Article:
Syria Crisis: Homs Evacuation Fails Again, Red Cross Says

06/28/2012 11:39 am ET | Updated Aug 28, 2012

(Adds details, background)

GENEVA, June 28 (Reuters) - Efforts to evacuate civilians and wounded from the battered Syrian city of Homs failed again when a rescue team could not enter affected areas, the International Committee of the Red Cross (ICRC) said on Thursday.

Beatrice Megevand-Roggo, head of ICRC operations for the Near and Middle East, said in a statement that there had been an agreement from Syrian authorities and the opposition for the ICRC team to carry out an evacuation on Wednesday.

"On the spot, however, agreed-upon conditions were not met and the staff were unable to proceed," she said.

ICRC spokesman Bijan Farnoudi in Geneva declined to provide specifics or apportion blame for the latest setback after the two sides agreed in principle to a humanitarian truce.

It was the second time in a week that the ICRC was forced to turn back to Damascus. On June 21, its joint team with the Syrian Arab Red Crescent heard shooting as it tried to enter the old city where the agency says hundreds of civilians are trapped by fighting.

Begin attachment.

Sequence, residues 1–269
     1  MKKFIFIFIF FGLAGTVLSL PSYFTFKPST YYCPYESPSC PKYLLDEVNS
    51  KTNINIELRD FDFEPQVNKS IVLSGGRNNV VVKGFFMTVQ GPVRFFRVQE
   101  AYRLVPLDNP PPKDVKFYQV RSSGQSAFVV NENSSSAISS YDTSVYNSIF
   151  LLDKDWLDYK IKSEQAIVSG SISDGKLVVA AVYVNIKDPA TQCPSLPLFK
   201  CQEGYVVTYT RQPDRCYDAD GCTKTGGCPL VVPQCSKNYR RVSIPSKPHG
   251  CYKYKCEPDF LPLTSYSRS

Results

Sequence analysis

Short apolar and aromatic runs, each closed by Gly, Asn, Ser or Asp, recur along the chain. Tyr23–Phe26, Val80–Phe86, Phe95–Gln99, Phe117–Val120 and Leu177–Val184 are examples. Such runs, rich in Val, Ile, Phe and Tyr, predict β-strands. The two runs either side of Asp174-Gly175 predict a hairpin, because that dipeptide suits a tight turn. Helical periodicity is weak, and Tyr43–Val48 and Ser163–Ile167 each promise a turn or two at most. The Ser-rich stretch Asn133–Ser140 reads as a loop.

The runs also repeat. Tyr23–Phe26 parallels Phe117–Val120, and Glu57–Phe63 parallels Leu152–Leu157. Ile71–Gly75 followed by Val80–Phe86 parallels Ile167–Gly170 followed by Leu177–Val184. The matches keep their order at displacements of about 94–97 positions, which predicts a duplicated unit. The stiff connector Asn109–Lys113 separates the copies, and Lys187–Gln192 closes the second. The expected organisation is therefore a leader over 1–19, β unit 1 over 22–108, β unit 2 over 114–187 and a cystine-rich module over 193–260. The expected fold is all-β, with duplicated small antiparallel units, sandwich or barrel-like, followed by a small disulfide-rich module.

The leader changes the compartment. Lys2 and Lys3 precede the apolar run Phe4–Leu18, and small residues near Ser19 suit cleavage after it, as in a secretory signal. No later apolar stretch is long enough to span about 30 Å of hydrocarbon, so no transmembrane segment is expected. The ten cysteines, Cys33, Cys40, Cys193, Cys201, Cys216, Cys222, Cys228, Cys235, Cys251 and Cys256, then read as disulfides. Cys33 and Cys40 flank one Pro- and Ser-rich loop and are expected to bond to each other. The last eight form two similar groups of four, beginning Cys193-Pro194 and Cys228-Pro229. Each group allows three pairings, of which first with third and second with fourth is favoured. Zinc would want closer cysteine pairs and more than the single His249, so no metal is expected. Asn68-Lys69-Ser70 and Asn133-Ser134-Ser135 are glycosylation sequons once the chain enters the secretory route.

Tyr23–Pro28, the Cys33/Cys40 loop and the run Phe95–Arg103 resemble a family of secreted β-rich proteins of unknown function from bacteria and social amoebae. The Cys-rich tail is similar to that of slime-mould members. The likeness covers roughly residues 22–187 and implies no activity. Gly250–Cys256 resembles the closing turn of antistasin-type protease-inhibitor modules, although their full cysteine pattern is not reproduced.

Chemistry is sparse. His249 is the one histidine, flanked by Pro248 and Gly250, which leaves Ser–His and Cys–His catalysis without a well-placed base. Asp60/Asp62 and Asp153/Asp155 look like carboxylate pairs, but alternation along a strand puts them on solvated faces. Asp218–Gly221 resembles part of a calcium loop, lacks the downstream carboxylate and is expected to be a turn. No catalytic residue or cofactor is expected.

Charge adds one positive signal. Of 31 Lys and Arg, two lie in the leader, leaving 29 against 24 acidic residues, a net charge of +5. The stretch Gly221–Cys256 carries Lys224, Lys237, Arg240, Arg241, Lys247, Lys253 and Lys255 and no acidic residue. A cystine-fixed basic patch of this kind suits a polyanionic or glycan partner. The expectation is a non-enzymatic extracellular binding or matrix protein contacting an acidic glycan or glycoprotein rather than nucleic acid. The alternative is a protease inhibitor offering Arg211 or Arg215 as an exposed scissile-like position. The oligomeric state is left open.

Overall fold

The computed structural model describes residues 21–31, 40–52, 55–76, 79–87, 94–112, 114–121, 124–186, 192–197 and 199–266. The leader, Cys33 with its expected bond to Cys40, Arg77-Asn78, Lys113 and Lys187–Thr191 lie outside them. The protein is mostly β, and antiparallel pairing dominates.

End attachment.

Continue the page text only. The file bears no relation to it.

"The ICRC and the Syrian Arab Red Crescent are virtually the only humanitarian organisations working in the hardest-hit areas in the country, and safe and unhindered access is thus essential to their work. ICRC and Syrian Arab Red Crescent teams take considerable risks performing their tasks," the agency said in Thursday's statement.

An official at the Syrian foreign ministry, in a report carried by the state news agency SANA, blamed "armed terrorist groups" - the government's term for opposition fighters - for preventing the teams from being able to carry out the operation.

This was "without any justification at all but the insistence of these groups to continue the practice of murder and crime against these innocent citizens," it quoted the Syrian foreign ministry official as saying.

There was no immediate comment by rebel groups in the flashpoint city. (Reporting by Stephanie Nebehay in Geneva and Oliver Holmes in Beirut; Editing by Michael Roddy)